Creating new perspectives since 2009

Palestinian Unity and Israeli Colonial Policies highlighted during 'Return Marches'

May 17, 2014 at 12:19 pm

Since early May events have been taking place across all areas of historic Palestinian related to the Nakba. May 15th is annually marked as Nakba Day amongst Palestinians everywhere. The date marks the day in 1948 that followed Israel’s Declaration of Independence.

Although many traditional ‘commemorative’ events are being held this year, many youth are taking up more direct actions in the struggle for rights including attempts to return to their original villages. Two events in particular in this year’s Nakba Day calender, and the Israeli responses to them, have highlighted the collective nature of Israel’s colonial policies against the Palestinian people although under different masks.

May 6th saw Palestinian citizens of Israel participate in the largest Return March held to date. More than 10,000 Palestinians, including large numbers of Internally Displaced Persons (IDPs), participated in the march that was held in the Palestinian village of Lubya. The population of Lubya was more than 2,500 people when it was attacked and forcibly depopulated by Zionist militias in July 1948. It had first been attacked in January of that year, a fact which dispels the Zionist myth that the villages were depopulated when residents fled ‘after Arab armies invaded and attacked Israel following its Declaration of Independence’. In reality, more than 300,000 Palestinians were driven from their homes prior to Israel’s Declaration of Independence.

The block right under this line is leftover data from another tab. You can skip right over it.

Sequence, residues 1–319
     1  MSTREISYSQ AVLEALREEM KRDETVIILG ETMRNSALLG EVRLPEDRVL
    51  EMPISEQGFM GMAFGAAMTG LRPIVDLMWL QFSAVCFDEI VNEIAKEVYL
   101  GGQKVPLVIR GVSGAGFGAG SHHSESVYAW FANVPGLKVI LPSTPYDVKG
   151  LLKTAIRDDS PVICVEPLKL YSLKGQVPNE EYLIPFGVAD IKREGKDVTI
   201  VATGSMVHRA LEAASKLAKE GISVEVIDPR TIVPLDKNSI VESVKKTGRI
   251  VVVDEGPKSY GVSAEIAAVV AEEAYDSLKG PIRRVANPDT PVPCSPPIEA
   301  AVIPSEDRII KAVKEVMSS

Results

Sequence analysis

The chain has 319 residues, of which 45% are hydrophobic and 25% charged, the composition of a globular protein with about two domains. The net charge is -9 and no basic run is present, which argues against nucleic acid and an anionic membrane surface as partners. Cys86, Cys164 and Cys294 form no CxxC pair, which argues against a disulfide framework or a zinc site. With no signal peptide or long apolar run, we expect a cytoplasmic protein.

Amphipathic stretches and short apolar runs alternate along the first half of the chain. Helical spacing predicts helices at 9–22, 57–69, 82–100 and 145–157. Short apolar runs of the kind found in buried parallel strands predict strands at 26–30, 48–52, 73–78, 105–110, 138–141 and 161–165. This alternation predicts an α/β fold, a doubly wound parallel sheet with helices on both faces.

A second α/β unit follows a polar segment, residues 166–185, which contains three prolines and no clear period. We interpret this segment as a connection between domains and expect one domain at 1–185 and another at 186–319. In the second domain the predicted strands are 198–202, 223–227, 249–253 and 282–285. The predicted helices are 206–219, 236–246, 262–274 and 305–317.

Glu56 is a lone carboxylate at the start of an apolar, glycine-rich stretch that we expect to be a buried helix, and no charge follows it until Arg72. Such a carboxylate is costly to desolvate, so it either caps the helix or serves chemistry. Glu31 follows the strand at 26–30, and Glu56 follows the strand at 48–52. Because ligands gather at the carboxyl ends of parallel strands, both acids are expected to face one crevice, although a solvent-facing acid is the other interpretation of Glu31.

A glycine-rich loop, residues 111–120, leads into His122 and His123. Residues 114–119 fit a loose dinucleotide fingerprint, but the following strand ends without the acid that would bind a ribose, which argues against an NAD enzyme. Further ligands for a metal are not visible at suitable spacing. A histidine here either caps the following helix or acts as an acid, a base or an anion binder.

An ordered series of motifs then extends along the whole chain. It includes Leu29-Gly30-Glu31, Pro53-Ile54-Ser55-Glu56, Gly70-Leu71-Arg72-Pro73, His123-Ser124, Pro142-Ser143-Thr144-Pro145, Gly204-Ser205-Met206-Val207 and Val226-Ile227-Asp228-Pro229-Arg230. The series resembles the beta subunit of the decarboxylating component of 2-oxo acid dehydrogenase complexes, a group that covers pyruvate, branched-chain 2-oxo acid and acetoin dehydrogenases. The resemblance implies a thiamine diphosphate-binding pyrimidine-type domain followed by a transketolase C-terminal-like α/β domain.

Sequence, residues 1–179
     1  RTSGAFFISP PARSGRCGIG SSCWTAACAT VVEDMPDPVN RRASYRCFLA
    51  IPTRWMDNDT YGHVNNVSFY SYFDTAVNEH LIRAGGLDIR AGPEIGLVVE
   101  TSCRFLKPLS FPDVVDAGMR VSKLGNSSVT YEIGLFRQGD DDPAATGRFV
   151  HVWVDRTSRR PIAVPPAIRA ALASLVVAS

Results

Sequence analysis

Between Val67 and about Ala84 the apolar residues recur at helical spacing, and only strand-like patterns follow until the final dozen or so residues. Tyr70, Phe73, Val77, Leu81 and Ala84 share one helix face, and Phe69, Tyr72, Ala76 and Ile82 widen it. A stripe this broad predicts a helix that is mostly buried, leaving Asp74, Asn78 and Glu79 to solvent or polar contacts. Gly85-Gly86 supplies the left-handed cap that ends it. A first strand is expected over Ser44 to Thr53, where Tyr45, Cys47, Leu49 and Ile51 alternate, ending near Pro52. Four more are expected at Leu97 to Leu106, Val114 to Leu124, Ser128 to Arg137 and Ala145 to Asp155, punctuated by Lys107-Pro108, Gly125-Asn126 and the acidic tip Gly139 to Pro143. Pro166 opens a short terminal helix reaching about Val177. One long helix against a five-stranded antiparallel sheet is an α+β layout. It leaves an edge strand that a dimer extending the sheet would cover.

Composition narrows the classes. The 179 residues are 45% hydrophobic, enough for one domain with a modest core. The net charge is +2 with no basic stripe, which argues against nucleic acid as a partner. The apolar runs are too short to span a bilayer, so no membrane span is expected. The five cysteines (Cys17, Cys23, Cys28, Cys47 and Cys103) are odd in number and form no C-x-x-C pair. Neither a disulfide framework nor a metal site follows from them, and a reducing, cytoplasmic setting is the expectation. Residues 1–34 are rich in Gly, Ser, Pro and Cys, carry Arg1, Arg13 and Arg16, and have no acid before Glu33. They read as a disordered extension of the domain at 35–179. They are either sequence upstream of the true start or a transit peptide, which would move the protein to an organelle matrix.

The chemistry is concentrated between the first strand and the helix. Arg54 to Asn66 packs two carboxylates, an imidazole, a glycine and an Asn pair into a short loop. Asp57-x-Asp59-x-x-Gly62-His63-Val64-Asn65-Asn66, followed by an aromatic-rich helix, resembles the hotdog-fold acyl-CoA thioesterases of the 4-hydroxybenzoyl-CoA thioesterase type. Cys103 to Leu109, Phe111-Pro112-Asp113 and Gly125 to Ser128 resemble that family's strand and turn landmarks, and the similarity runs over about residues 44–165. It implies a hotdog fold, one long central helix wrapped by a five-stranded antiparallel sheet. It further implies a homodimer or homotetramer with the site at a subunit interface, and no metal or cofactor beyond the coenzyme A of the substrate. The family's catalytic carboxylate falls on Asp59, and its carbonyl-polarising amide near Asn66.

May 15th saw more than 1,000 Palestinian residents of the ‘West Bank’, including many refugees, attend a Nakba Day ‘Return March’ in the village of al-Walaja which lies between Bethlehem and Jerusalem. 70% of al-Walaja was colonised and depopulated in 1948 and many refugees ended up in camps within what became the West Bank or in Jordan, whilst others remained within the 30% of the village that was situated east of the Green Line. In this year’s Nakba Day event in al-Walaja, activists attempted to reach their colonised lands west of the Green Line in 1948 Palestine. A small group of activists reached 1948 Palestine whilst most were repelled by IOF violence.

These two events highlight the growing movement for the right of return and against Israel’s settler-colonial project, along with the collective nature of the Palestinian people. They also illustrate the Israeli responses to such events, which can vary in their usage of violence, but which have the same fundamental goals – the continuation of the settler-colonial project with the ongoing denial of return and ongoing displacement at its heart.

The following photo-essay documents these two ‘Return Marches’ and the varying Israeli responses to them.

MEMO Photographer: Rich Wiles